In this study, there was significant difference between different treatment regimens with respect to itching (0.008), dryness (0.002), falling of hair (<0.001), oral ulcer (0.02), and photosensitivity (<0.001), as itching was more common with regimen 1 (66.7%), dryness was more common in regimen 2 (50%), falling of hair was more common in regimen 1 (50%), oral ulcer in regimen 4 (25%), and photosensitivity was more common with regimen 5 (85.7%). According to Brok et al. [20], there was increased risk of several dermatological adverse reactions with combination therapy (ribavirin + IFN), for example, rash [relative risk (RR) 1.74; 95% confidence interval (CI), 1.17–2.61; 12 trials], pruritus (RR 1.62; 95% CI, 1.29–2.02; 18 trials), dermatitis (RR 1.67; 95% CI, 1.21–2.30; three trials), alopecia (RR 1.10; 95% CI, 0.93–1.30; 10 trail), and dry skin (RR 1.66; 95% CI, 0.83–3.32; three trail).

 Conclusion



DAAs have great effect on eradication of HCV but have dermatological adverse effects. Most of them are treatable and not severe.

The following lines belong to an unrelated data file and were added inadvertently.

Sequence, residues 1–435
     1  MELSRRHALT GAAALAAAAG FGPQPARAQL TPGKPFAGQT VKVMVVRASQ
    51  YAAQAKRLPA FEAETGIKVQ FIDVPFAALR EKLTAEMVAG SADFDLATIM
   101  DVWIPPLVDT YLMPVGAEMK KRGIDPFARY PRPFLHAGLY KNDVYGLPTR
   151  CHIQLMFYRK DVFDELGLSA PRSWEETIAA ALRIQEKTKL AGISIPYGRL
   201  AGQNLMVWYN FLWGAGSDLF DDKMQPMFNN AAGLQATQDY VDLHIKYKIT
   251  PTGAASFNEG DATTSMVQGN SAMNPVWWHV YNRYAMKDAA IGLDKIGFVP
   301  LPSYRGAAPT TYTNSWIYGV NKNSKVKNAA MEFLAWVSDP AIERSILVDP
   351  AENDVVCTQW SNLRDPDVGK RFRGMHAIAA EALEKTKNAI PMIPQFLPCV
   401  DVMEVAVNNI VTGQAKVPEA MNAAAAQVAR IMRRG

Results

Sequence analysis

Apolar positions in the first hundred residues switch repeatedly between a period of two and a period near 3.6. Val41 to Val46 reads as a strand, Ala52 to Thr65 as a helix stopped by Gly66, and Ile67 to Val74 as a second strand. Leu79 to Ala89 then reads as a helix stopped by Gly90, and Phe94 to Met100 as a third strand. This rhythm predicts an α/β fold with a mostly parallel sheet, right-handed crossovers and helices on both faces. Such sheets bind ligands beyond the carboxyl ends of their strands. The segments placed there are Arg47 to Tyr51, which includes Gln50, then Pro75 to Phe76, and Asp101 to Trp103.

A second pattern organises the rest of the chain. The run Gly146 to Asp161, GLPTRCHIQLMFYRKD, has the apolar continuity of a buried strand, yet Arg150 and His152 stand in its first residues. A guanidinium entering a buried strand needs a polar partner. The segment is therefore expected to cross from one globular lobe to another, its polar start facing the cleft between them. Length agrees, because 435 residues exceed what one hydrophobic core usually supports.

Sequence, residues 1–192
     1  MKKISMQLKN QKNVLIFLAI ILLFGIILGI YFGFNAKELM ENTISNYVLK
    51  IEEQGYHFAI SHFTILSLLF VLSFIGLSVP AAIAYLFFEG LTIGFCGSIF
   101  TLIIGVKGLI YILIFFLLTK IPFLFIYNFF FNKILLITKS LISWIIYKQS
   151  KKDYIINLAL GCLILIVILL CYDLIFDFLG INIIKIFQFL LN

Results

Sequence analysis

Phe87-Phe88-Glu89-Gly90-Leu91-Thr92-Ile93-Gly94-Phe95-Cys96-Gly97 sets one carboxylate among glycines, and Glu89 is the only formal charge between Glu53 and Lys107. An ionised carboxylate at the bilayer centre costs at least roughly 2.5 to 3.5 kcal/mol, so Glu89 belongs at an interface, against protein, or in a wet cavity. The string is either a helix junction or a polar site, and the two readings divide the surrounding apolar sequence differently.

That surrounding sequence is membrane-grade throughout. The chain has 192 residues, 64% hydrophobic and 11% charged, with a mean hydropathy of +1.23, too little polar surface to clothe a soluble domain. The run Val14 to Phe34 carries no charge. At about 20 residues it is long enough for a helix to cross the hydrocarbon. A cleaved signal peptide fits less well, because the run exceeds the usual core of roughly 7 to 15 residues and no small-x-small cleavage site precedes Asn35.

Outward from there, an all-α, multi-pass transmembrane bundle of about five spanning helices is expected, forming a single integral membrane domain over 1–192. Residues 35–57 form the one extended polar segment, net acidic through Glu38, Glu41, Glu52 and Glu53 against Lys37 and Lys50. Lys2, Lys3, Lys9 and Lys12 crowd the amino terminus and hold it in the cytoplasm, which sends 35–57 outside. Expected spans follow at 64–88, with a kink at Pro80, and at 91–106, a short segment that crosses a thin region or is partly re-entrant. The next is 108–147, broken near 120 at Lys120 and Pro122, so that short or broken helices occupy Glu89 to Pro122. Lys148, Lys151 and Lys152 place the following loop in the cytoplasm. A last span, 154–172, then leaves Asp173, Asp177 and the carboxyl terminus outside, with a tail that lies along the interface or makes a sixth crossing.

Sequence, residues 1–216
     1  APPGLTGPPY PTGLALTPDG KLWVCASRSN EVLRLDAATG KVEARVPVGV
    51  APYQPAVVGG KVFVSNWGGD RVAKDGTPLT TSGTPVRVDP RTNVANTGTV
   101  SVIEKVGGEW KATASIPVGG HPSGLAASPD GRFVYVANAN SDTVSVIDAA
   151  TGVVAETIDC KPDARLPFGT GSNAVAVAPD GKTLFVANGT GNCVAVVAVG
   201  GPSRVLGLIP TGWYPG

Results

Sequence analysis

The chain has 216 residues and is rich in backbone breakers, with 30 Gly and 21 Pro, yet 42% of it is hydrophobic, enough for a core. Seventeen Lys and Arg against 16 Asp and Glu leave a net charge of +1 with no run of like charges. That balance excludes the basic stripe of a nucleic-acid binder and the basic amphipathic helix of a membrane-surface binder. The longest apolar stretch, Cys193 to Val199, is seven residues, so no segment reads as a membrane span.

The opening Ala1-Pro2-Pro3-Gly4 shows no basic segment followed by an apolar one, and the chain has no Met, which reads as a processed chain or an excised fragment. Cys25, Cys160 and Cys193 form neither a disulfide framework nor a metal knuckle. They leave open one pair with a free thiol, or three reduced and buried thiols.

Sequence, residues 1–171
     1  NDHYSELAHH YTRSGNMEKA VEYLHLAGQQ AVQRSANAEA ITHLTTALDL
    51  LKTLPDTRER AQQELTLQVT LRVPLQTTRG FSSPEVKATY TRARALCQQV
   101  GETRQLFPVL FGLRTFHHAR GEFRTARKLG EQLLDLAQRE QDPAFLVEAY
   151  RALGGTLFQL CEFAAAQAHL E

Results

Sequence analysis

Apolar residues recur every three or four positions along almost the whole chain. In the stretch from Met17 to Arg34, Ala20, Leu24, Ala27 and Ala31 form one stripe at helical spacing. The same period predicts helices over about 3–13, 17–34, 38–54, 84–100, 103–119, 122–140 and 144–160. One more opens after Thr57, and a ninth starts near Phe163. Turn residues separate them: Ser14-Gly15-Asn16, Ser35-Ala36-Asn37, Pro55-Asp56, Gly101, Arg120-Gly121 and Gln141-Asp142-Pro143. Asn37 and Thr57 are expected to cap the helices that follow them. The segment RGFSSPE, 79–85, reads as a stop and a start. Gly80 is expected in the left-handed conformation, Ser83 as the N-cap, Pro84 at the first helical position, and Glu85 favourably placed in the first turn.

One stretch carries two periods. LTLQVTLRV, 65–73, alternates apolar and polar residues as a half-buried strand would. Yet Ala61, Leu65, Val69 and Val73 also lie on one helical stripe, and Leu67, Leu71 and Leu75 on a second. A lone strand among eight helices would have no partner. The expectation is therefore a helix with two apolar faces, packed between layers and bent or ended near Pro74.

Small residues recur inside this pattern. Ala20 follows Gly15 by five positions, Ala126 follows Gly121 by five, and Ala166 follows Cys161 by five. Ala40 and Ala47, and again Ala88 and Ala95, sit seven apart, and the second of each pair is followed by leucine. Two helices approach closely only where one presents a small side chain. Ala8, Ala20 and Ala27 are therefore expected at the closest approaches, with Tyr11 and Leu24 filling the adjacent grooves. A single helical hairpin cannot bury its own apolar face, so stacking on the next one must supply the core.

Financial support and sponsorship

Nil.

Conflicts of interest

There are no conflicts of interest.

References

1Bostan N, Mahmood T. An overview about hepatitis C: a devastating virus. Crit Rev Microbiol 2010; 36:91–133.
2Alter MJ. Epidemiology of hepatitis C virus infection. World J Gastroenterol 2007; 13:2436.
3Eassa S, Eissa M, Sharaf SM, Ibrahim MH, Hassanein OM. Prevalence of hepatitis C virus infection and evaluation of a health education program in el-ghar village in Zagazig, Egypt. J Egypt Public Health Assoc 2007; 82:379–404.
4Centers for Disease Control and Prevention. Hepatitis C information for health professionals. Atlanta, GA: CDC; 2011.
5Yao N, Hesson T, Cable M, Hong Z, Kwong AD, Le HV, Weber PC. Structure of the hepatitis C virus RNA helicase domain. Nat Struct Biol 1997; 4:463.